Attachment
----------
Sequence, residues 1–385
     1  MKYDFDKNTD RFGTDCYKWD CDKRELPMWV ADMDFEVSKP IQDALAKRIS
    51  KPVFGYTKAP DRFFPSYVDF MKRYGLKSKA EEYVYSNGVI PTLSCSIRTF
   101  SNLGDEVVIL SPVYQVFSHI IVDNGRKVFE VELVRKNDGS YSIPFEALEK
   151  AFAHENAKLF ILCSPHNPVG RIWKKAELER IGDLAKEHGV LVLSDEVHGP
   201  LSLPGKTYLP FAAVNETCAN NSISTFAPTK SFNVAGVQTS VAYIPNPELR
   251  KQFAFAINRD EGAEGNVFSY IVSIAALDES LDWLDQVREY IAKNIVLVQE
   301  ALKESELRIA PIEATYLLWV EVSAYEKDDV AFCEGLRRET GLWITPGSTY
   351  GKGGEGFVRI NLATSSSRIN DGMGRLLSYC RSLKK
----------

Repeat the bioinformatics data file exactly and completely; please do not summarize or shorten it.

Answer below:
Sequence, residues 1–385
     1  MKYDFDKNTD RFGTDCYKWD CDKRELPMWV ADMDFEVSKP IQDALAKRIS
    51  KPVFGYTKAP DRFFPSYVDF MKRYGLKSKA EEYVYSNGVI PTLSCSIRTF
   101  SNLGDEVVIL SPVYQVFSHI IVDNGRKVFE VELVRKNDGS YSIPFEALEK
   151  AFAHENAKLF ILCSPHNPVG RIWKKAELER IGDLAKEHGV LVLSDEVHGP
   201  LSLPGKTYLP FAAVNETCAN NSISTFAPTK SFNVAGVQTS VAYIPNPELR
   251  KQFAFAINRD EGAEGNVFSY IVSIAALDES LDWLDQVREY IAKNIVLVQE
   301  ALKESELRIA PIEATYLLWV EVSAYEKDDV AFCEGLRRET GLWITPGSTY
   351  GKGGEGFVRI NLATSSSRIN DGMGRLLSYC RSLKK